Food for the Flock 66

April 17, 2019

“O Lord hear my prayer; O Lord hear my prayer…”


This week the fire at Notre Dame in Paris has devastated many. Known as Our Lady of Paris, her towering presence on the banks of the river Seine has been an icon for more than eight hundred years. She has stood as witness to wars, treaties, celebrations, schism, and high holy days.


For France a national treasure. For the Church she has been a witness to the glory of God in worship and art. The windows in Notre Dame have told the story of God becoming known as the ‘poor man’s Bible’. The images of flames consuming the oak roof and the falling spire have caused us to raise our voices in shock and lament.


Many have connected with the magnificence of this structure as tourists who gazed at the statue of Joan of Arc and the high altar, students studying abroad, or through fiction that awakened the imagination. For whatever reason, the visceral connection with Our Lady of Paris is there.


During this Holy Week, I wonder if the cathedral hasn’t come to represent all for whom we mourn; personally, and globally. This is a week as we make our solemn journey to the cross, we mourn for many. A friend sent me this eloquent reflection.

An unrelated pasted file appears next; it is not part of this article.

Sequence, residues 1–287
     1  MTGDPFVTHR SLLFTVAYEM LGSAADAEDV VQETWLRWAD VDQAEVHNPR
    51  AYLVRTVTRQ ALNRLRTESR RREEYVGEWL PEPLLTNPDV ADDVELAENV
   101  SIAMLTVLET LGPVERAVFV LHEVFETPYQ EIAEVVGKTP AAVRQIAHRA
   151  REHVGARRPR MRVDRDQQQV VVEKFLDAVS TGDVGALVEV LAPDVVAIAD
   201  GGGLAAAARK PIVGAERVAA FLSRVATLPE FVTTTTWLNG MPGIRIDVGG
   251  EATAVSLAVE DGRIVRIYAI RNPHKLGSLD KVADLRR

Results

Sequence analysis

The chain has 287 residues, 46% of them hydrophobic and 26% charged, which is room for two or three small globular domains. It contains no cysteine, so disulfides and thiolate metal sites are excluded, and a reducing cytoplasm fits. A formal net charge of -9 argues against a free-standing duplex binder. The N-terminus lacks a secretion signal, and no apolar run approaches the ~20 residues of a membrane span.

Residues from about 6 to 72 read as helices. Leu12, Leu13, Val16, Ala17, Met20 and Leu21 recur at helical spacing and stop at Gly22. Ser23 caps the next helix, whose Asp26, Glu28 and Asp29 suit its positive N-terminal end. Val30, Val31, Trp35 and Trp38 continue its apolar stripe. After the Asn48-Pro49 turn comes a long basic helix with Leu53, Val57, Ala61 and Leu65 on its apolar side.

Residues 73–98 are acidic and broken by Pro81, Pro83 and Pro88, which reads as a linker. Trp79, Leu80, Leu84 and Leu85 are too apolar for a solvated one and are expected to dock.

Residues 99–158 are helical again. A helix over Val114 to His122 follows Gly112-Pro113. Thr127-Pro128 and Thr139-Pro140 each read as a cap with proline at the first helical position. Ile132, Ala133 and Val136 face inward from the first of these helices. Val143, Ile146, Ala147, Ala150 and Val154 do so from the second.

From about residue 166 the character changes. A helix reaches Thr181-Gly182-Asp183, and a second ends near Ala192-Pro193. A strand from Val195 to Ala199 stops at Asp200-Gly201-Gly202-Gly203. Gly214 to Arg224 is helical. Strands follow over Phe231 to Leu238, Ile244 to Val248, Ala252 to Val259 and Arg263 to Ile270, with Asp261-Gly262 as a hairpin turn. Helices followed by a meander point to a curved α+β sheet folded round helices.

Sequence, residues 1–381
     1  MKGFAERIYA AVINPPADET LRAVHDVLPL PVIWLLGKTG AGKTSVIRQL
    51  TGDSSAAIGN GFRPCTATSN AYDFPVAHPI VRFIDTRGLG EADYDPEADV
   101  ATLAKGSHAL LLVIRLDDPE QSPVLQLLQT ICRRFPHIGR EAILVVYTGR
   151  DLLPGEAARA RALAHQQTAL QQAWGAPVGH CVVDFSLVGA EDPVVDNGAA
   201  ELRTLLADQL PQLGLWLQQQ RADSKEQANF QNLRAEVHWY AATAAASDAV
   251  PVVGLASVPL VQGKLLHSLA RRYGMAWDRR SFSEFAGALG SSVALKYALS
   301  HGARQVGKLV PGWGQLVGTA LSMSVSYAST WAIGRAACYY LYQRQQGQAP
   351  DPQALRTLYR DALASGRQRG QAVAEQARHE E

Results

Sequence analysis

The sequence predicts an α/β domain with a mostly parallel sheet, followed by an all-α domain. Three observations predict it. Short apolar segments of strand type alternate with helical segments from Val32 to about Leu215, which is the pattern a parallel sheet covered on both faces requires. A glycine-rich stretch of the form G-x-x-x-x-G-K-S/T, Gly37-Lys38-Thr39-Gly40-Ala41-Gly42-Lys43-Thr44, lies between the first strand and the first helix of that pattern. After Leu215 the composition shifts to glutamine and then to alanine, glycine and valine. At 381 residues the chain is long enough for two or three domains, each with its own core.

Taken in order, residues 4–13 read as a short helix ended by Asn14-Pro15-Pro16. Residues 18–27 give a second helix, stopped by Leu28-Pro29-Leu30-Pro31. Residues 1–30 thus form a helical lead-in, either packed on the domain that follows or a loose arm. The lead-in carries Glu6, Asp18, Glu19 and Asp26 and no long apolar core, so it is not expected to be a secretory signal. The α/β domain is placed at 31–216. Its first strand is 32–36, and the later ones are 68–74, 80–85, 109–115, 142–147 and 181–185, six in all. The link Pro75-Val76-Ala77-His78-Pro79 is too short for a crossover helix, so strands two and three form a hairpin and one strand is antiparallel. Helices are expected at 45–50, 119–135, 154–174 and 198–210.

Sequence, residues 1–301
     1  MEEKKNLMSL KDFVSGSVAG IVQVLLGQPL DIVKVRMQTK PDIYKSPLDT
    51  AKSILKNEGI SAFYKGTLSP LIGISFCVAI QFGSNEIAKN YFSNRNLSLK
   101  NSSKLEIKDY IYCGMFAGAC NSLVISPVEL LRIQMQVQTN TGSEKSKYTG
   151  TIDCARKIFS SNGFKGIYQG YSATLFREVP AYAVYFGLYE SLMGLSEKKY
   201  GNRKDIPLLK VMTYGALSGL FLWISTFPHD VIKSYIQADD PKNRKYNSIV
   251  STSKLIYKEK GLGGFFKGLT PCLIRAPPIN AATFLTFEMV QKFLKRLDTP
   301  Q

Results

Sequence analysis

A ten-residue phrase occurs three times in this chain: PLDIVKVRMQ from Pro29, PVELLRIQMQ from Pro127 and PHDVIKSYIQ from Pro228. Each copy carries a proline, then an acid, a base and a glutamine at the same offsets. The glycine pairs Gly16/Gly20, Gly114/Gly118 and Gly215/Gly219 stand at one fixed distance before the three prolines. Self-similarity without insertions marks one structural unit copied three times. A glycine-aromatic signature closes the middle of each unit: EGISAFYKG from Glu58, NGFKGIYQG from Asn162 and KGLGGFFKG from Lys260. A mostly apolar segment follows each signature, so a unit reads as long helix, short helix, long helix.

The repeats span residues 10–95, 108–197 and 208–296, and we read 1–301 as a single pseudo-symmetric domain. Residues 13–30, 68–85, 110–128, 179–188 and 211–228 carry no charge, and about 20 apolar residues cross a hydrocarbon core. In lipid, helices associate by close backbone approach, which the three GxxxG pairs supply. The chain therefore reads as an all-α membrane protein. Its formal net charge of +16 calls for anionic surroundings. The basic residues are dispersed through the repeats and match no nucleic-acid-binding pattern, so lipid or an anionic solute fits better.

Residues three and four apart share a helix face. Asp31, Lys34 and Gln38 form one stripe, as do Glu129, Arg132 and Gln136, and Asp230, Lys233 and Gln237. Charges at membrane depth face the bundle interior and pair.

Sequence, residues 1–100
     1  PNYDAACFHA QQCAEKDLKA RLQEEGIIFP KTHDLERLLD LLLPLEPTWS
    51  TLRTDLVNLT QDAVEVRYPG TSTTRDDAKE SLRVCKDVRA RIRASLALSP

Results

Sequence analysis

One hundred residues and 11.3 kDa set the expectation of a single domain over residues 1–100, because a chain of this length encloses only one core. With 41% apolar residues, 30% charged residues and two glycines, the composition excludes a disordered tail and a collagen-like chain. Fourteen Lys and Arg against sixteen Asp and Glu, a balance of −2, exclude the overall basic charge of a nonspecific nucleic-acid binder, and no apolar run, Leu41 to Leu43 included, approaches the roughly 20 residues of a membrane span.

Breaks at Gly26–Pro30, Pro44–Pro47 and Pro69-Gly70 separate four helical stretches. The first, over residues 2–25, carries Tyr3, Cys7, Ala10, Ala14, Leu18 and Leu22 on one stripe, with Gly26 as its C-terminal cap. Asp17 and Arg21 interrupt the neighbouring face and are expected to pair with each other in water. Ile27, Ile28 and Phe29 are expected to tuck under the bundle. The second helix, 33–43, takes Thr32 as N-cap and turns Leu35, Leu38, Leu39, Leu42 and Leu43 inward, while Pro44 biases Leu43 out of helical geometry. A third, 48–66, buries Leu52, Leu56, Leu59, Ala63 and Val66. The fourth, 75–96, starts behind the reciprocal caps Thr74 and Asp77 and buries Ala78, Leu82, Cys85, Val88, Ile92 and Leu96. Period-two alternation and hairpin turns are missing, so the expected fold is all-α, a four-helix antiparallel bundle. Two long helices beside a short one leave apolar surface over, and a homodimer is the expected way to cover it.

I mourn Notre Dame and pause

            to wash my aching feet after the long trek to Paris.

I mourn each black church

            burned to the ground and pause to huddle in dark pines and sing softly with

            the enslaved.

I mourn the damage to the Al-Aqsa Mosque and pause

            to pray on my knees with lost and scattered members.

I mourn Aleppo and pause

            to wipe away the tears in the eyes of children who no longer play.

I mourn the wrecked Amazon and pause

            to wait for another species to become extinct.

I mourn the oil slicked beaches, their wildlife and pause

            to scrub another blackened duckling with dish detergent.

I mourn the Warsaw Ghetto and pause

            to wonder in the burned silence of the knave where all the destruction,

            terror, pain, and death we cause in this fragile world.



During this Holy Week, pause often and bow.

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